By gaining a better understanding of fall armyworm’s (FAW) genetic make-up and insecticide sensitivities, effective pest management plans are being developed in a new CSIRO-led project.
CSIRO researcher and project leader Dr Wee Tek Tay says FAW is capable of damaging various crops including maize, sorghum, cotton, ginger and sugarcane.
“The more we know about this armyworm, its genetics and its response to insecticides, the better we can plan for effective management,” Dr Tay says.
The project is co-invested by GRDC, the Australian Centre for International Agricultural Research (ACIAR), the Cotton Research and Development Corporation, FMC Australasia and Corteva Agriscience.
Dr Tay says this particular species of armyworm has developed resistance to commonly used insecticides in other parts of the world, making management more difficult.
“It has spread rapidly since the first reported detection in Africa in 2016, across Asia and Africa and to Australia in early 2020, potentially carrying new insecticide resistance or feeding traits.
“The resistance status of the current incursion, potential for resistance to develop over time and the ongoing migration of FAW into Australia and the region may present significant challenges to agricultural industries.
“Historically, the pest has been classified as either rice-preferred or corn-preferred fall armyworm. However, recent genomic studies have confirmed the presence of hybrids in both native and invasive ranges. This has led to gaps in our understanding of host crop preferences, especially in invasive populations.”
The project involves partner organisations in Indonesia, Vietnam, Laos, Myanmar, Cambodia, the Philippines, Malaysia and Uganda.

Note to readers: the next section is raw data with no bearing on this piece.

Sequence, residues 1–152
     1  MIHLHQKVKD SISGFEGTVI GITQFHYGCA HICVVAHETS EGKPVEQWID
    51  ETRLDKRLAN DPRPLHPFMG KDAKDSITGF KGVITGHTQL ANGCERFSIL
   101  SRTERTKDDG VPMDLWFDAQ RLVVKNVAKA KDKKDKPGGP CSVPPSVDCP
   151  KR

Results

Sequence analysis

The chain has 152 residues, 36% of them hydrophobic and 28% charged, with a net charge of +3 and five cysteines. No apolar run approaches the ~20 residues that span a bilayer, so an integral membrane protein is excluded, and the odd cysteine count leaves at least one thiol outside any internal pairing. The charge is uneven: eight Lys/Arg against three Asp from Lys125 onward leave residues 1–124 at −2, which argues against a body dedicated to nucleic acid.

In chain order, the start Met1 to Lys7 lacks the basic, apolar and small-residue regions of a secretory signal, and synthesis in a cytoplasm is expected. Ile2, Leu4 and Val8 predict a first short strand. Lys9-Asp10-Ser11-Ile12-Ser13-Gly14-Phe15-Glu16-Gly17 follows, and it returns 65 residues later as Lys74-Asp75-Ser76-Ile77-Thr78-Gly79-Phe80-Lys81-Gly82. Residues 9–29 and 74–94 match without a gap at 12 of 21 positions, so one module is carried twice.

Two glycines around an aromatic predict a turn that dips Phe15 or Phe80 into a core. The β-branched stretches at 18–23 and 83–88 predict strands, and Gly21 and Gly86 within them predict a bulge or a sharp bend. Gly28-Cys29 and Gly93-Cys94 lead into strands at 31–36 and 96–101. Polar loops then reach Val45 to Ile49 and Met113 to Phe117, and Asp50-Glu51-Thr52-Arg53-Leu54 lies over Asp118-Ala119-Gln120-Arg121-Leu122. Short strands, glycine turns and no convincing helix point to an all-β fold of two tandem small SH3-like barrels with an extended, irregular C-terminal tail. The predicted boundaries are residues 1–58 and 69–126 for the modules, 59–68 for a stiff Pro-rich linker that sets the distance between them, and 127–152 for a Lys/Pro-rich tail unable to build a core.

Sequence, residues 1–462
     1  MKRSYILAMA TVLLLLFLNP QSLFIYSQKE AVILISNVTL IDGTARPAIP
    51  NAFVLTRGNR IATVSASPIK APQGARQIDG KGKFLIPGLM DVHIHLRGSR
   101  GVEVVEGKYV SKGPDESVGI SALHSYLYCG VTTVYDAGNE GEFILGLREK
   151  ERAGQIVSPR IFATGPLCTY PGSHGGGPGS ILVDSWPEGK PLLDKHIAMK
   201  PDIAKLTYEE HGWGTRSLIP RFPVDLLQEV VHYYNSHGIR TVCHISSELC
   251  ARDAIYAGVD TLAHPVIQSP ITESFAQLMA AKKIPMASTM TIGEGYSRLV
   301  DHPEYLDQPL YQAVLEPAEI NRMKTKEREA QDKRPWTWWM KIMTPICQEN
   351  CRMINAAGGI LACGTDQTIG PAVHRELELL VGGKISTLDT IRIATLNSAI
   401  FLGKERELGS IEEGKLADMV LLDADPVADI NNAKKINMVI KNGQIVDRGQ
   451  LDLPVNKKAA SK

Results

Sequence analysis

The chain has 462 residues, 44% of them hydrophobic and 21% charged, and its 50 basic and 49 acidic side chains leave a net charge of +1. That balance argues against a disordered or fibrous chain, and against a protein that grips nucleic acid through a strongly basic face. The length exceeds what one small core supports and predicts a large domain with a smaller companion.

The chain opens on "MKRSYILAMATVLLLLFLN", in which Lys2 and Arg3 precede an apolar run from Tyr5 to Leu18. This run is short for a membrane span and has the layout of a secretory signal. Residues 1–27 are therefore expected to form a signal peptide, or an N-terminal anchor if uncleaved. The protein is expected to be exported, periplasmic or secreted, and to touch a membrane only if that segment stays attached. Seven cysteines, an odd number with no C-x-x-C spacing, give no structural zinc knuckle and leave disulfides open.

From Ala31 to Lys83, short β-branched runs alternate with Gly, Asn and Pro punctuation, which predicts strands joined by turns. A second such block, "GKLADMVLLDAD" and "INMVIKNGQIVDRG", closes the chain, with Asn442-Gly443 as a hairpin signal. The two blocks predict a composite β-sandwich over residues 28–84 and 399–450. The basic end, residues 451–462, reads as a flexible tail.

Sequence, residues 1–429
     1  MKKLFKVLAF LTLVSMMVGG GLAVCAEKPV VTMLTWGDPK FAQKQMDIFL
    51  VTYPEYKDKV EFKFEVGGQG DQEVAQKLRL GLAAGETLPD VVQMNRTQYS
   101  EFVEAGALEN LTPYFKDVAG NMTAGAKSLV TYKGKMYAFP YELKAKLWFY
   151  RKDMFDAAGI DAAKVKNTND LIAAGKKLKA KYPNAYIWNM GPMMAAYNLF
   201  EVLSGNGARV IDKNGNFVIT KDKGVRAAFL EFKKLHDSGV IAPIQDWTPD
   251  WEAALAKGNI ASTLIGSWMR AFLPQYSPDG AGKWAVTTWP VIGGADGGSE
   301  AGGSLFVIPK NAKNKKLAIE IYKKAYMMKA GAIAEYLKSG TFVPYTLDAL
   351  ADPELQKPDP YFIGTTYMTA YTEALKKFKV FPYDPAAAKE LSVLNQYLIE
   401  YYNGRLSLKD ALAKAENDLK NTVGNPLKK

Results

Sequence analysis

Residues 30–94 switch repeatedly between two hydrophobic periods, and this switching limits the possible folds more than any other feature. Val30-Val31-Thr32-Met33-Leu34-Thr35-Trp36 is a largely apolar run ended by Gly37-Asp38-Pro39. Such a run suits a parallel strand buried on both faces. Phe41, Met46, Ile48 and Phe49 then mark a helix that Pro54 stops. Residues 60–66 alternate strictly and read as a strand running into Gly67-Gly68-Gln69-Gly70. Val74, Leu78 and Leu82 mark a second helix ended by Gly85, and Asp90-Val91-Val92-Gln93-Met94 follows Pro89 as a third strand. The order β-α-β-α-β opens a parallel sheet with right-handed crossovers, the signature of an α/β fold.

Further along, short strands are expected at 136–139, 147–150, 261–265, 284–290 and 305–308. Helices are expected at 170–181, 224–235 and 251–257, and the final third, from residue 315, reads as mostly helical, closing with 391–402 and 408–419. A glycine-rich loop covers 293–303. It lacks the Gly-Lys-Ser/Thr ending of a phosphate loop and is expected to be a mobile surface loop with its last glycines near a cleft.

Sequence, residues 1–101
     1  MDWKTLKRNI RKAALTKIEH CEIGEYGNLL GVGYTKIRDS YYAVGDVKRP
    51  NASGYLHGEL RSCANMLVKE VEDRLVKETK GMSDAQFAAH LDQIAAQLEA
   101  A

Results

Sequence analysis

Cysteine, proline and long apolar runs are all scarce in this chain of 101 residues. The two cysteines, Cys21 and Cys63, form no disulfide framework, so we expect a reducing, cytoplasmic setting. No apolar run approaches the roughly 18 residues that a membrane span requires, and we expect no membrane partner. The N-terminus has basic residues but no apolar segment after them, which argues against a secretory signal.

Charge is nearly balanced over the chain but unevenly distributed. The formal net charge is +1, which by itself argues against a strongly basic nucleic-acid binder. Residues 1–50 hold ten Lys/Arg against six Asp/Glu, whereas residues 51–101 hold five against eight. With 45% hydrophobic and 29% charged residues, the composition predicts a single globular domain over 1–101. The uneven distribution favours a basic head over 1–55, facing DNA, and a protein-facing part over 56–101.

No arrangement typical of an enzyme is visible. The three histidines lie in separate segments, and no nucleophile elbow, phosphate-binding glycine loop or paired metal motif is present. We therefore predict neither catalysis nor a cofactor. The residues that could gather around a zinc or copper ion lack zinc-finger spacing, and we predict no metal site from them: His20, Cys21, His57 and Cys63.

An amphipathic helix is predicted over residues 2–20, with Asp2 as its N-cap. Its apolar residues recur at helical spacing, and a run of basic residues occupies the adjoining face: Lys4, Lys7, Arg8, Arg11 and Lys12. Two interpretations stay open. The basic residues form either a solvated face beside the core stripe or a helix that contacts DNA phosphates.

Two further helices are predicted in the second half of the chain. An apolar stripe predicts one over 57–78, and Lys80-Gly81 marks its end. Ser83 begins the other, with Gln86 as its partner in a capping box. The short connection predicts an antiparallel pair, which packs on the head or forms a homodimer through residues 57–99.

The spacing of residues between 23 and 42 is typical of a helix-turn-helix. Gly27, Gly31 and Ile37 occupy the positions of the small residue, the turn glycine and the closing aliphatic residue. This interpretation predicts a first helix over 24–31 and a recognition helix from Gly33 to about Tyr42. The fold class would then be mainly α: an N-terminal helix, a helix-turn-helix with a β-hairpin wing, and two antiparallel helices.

Dr Sarina Macfadyen, ACIAR’s associate research program manager for farming systems analysis, says the hope is that the research will help develop individual country responses and coordinated actions.
The team will focus on developing new knowledge in two areas.
First, it will conduct a genetic characterisation of the similarities and differences in the populations found in Australia and South-East Asian countries. Second, it will test the insecticide sensitivities of these populations, which may already show some level of resistance to commonly used products.
"The team will look for genetic markers that, if present, may suggest some populations already carry mutations that make them able to withstand specific insecticides,” Dr Macfadyen says.
This knowledge will help develop resistance management plans by individual countries and inform insecticide recommendations to growers.
GRDC biosecurity manager Dr Jeevan Khurana is coordinating the partnership. He says the co-investment will address an immediate priority – the characterisation of FAW in Australia and South-East Asia. “The information generated will be an important component in the development of sustainable management strategies,” he says.
The research will run until mid-2021.